Energy drinks have been linked to a number of deleterious health outcomes among youth. Even so, the underlying risk factors for energy drink consumption among youth are less frequently examined. The present study examines the link between adolescent victimization experiences (i.e., property and violent victimization) and energy drink consumption among a nationally representative sample of adolescents. We employed the seven most recent cohorts (2010–2016) from the Monitoring the Future (MTF) study. A multi-stage random sampling technique was used to acquire the U.S. sample. Youths reported the extent to which they consumed energy drinks. Additionally, three indicators of property victimization and four indicators of violent victimization were available in the data. The findings reveal a significant dose–response relationship between energy drink consumption and victimization. This relationship was especially pronounced among females. For instance, more than 52% of females with the highest count of various violent victimization experiences consumed energy drinks, which was three times the rate of females who had no previous violent victimization experiences. Practitioners who interact with adolescent victims may probe for energy drink usage in addition to other addictive substances such as alcohol, tobacco, and drugs. Additional scrutiny may also be in order in regulating the amount of caffeine and sugar allowed in these beverages.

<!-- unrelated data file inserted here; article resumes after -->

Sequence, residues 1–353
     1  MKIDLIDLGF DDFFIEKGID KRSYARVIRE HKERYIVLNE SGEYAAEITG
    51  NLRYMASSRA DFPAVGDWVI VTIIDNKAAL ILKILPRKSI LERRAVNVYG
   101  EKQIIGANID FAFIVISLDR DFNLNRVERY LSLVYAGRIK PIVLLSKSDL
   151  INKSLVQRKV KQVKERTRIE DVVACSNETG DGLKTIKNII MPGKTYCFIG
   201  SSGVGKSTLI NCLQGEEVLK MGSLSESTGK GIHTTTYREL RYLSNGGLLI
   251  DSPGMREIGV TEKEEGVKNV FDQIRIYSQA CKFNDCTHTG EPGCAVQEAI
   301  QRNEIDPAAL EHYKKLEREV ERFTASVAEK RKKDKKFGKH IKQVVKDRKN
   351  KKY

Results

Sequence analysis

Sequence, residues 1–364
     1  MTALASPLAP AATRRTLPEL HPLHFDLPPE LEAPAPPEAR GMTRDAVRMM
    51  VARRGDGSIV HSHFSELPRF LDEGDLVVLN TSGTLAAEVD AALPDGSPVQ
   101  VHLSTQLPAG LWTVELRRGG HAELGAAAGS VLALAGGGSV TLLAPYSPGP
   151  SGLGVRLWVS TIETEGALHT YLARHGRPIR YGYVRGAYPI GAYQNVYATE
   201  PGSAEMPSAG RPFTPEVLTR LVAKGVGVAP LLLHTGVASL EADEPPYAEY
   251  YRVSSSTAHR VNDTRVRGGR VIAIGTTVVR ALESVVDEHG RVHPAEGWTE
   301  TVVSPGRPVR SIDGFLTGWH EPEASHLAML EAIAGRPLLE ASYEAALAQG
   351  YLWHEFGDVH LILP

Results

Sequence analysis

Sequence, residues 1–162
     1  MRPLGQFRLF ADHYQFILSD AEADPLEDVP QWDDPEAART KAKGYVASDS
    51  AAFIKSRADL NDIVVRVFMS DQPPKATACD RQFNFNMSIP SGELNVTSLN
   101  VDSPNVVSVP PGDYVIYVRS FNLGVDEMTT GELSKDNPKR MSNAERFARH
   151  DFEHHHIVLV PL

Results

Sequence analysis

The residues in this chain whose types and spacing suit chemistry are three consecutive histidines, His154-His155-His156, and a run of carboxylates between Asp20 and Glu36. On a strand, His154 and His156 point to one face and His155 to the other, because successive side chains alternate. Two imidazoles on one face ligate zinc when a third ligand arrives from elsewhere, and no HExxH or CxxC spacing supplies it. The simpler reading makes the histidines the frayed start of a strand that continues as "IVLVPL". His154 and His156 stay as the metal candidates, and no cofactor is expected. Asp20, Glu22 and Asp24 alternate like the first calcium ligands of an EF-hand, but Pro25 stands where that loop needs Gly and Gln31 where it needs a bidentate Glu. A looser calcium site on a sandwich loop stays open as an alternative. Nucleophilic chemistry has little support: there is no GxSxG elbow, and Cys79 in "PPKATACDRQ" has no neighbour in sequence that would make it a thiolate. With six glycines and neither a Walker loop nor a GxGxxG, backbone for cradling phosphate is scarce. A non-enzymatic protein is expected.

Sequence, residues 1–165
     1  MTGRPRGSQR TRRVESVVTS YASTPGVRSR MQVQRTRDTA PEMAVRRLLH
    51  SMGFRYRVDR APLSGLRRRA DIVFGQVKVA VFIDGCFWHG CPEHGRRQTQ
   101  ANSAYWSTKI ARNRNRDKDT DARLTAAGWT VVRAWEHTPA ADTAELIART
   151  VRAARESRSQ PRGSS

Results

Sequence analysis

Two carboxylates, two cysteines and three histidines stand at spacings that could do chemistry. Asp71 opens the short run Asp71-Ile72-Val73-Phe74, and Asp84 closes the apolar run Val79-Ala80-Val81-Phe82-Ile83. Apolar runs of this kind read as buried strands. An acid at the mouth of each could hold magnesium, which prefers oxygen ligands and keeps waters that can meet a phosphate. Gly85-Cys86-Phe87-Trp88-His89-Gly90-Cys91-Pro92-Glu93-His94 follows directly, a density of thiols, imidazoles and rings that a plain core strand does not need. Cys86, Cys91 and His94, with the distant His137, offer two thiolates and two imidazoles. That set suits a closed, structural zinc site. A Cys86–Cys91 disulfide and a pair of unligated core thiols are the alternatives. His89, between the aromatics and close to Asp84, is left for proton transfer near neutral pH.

All Science Journal Classification (ASJC) codes
- Health(social science)
- Public Health, Environmental and Occupational Health